As I wander through the private yard
of Collette Webster’s new pottery studio, weaving
my way through tiles, teapots and basins, I am enchanted.
This garden is currently the repository for Webster’s
clay creations that haven’t met her expectations.
In one area, an oversized bowl that was once meant to be
used as a sink now serves as a birdbath. A glossy monarch
butterfly who will never beat or lose his wings graces
the basin’s ledge among scattered leaves that will
never blow away. One of these immortalized leaves has curled
slightly and detached itself from the basin, leaving the
sink porous (pun intended), which is why it sits in this
back yard, a resting place for the remains of the clay.
All around this private haven insects, butterflies and
lizards peer out, forever frozen in a look of natural repose
or alertness. They are a testament to Webster’s love
of natural motifs in her pottery and to her talent at rendering
these creatures in artistic and realistic fashion.
I have to watch where I place my feet since part of the
path is inlaid with a fabulous scene depicting an Asian-styled
golden-throated heron with blue-tipped wings soaring through
delicate clouds and a rabbit peering out from a wheat field.
These pieces were intended as a mural mosaic that didn’t
accommodate the thickness of glue needed to support its
weight. So despite hours of measuring, sculpting, firing
and glazing, this mural now graces a dirt path.
This resting place for fabulous pottery
that cannot be used for its original intentions is a wondrous
testament that working with clay can be a metaphor for living
a zen life: find beauty wherever it lies, enjoy the process
and don’t get too attached to the results.
It’s only been six years since Webster discovered a
penchant and talent for pottery in a community class in Leadville,
Colorado. She can readily attest to the frustrations of this
art form. Despite the time and care invested in a piece,
there is no guarantee that the chemistry involved will perform
in an expected way. Hours and hours of sculpting, carving,
glazing, and so forth can seem for nought when the clay inexplicably
cracks in its final firing.
The majority of Webster’s work succeeds and you can
imagine how fabulous the shelf displaying her wares on the
inside of her new studio/gallery is when the outtakes out
back are so stunning.
Webster wows with the variety of forms she gives her earthenware.
The unifying element is nature, particularly birds, butterflies
and flowers. That is not to say that her pottery is trite
or frilly, although that might be a feat on its own. On her
bowls, cups and sundry pots, Webster recreates nature as
its seen, not sentimentalized.
The fauna she carves or sculpts looks like little creatures
caught in amber, forever frozen in a moment of everyday life.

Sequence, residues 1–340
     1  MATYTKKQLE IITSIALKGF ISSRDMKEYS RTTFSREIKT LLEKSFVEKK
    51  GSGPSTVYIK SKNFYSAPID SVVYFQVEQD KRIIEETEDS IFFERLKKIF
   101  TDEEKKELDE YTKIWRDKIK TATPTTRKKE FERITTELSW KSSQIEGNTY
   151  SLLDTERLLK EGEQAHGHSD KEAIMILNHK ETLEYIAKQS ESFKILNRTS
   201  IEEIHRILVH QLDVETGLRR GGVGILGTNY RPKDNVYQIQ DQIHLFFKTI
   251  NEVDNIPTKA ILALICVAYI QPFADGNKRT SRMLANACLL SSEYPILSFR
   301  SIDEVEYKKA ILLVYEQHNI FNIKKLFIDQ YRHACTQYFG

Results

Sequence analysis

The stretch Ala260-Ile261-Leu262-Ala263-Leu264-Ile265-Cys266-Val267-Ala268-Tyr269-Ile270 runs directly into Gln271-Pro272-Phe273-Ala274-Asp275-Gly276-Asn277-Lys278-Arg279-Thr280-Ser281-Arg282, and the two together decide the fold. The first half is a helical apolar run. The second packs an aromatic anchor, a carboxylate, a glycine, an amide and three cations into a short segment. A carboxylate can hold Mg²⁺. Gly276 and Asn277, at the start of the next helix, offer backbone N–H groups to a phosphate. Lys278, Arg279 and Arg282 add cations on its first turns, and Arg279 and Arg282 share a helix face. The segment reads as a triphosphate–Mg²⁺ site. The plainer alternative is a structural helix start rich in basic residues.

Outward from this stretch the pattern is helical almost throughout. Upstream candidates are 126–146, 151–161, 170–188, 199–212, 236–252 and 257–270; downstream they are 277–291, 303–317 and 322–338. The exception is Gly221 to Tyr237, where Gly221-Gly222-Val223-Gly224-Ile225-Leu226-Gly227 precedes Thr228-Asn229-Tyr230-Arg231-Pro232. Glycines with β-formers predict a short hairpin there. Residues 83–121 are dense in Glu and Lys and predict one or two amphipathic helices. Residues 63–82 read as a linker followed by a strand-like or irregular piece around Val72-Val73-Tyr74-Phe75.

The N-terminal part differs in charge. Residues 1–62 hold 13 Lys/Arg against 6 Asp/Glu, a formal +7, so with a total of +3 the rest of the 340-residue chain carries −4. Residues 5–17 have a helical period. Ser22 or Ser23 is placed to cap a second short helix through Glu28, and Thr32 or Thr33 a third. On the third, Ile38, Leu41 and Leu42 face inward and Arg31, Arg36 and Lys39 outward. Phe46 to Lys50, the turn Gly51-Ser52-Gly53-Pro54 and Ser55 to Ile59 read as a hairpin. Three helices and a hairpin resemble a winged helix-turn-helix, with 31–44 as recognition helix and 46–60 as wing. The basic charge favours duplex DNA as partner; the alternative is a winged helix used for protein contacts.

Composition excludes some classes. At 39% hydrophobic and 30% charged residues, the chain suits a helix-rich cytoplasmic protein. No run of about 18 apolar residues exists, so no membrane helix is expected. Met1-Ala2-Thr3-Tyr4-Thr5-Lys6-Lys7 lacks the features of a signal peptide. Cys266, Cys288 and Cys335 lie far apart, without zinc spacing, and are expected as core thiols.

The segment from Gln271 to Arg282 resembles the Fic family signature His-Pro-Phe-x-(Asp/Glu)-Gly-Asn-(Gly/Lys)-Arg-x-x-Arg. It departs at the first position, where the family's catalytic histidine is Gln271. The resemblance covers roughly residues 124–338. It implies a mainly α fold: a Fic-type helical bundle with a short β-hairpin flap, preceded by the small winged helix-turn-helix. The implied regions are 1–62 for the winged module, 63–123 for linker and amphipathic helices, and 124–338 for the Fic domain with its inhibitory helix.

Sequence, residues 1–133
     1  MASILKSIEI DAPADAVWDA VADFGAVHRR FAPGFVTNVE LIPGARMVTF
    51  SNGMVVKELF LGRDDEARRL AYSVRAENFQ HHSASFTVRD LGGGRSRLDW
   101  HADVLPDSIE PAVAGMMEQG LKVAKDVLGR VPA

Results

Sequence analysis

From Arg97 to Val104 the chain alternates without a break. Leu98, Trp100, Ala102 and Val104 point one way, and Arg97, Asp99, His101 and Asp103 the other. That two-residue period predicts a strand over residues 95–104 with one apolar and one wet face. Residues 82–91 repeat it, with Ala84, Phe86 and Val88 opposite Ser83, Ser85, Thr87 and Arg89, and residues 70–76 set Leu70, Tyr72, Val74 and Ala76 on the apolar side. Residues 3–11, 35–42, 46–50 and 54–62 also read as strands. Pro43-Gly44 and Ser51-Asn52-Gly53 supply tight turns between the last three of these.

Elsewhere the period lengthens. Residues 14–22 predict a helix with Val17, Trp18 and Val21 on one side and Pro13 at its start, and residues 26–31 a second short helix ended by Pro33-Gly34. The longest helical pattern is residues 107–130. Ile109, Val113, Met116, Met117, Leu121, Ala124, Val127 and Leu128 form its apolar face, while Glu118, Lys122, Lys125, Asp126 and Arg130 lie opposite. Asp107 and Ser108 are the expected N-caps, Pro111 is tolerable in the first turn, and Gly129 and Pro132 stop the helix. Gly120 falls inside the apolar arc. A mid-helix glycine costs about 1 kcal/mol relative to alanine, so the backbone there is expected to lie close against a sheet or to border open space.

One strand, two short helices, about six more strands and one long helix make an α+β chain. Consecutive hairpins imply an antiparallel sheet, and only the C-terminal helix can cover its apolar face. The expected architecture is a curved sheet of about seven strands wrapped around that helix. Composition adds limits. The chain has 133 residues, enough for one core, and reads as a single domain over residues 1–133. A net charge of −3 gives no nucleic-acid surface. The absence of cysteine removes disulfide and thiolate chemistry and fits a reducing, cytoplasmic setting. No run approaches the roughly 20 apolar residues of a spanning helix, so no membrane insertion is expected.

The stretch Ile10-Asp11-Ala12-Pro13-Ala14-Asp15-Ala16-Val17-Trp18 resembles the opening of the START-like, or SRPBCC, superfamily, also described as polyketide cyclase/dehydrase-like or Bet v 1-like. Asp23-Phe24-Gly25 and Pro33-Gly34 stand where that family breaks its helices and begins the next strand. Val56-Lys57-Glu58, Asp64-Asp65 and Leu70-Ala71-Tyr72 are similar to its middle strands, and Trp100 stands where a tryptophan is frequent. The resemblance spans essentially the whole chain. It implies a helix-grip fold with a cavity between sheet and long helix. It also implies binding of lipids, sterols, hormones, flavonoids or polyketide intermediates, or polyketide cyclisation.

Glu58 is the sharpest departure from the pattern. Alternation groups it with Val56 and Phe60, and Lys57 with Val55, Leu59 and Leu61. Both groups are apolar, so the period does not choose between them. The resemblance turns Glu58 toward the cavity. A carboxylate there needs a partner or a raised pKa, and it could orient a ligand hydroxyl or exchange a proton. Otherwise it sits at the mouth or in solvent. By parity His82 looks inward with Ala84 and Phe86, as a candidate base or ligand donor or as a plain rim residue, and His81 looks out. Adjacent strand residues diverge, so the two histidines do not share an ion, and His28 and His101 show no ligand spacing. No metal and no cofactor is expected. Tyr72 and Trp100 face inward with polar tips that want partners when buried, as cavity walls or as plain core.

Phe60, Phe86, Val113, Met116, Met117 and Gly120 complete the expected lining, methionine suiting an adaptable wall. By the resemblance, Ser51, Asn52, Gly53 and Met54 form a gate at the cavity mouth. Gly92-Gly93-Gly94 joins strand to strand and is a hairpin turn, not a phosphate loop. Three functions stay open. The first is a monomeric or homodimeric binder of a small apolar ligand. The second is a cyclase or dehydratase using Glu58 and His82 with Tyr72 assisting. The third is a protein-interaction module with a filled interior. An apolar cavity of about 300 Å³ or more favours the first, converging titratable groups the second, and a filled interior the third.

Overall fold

A school of minnow-like fish encircle a particularly large
sconce. Webster has captured the density of the school and
its movement, which imbues life to the baked clay.
Webster’s petite frame belies her strength. Normally,
I don’t see any point in describing an artist’s
physique. After all, she is the artist, not the art. But,
pottery demands a physical performance. The large scale works
Webster produces require strong arms.
If the potter does not master the clay,
the clay masters the potter. Anyone who has experimented
with using the wheel for the first time will understand why
it’s called “throwing” since the unruly
mass of spinning dirt has a tendency to fling the inexperienced
potter about. It takes strength and skill to center a ball
of heavy wet clay.
Webster possesses both in spades. She creates 5-gallon water
jugs, floor lamps, basins and her current chef d’oeuvre,
a magnificent fountain.
Once on its base, the fountain should
stand about four feet high. The sculpture is created in the
image of a Mother Earth, with a rounded torso and a head
whose delicate features evoke a female. She looks benevolently
down towards hands that emerge from the globular body, around
which insects, dragonflies and frogs frolic.
This maternal image that gives forth water is as close to
a self-portrait as I can imagine in clay. Webster, a former
baker and caterer, has simply rerouted her nurturing side
from giving people something to eat to giving them something
to eat it on. She describes her creative side as “I
still have to feed people.”
At the time that I saw this fountain
that will eventually grace the front of Webster’s studio
it had undergone its first firing from greenware, raw clay,
to bisqueware, baked clay. It was awaiting its second firing,
in which all the dull glazes magically transform under a
2100 degree temperature to brilliant colors and glosses.
Part of the craft of a potter is anticipating the chemical
reactions of the clay and various slips, underglazes, glazes
and oxides that can be used to decorate pottery. Much imagination
is required in believing that red will turn black, pink will
turn violette, brown can turn brilliant blue, and so forth.
Therein lies the crux, however. How do
you imagine the final outcome without getting too attached?
There is something fitting in having the remains of the clay
displayed in the back yard, a dust-to-dust metaphor. This
idea implies something deep and benevolent for Webster as
the one who carefully molds wet earth into beautiful, colorful
and recognizable shapes, bakes them and loves them no matter
their faults, literal and figurative. Once she has given
life to clay, she values it as a creator should, even as
she focuses on new pottery, exploring the endless possibilities
her inspiration and skill provide.
Collette Webster’s Studio/Gallery is located at 225
South 400 East, and she can be reached at (435) 220-0166.
The Gallery opening is scheduled for mid to late April. Commissions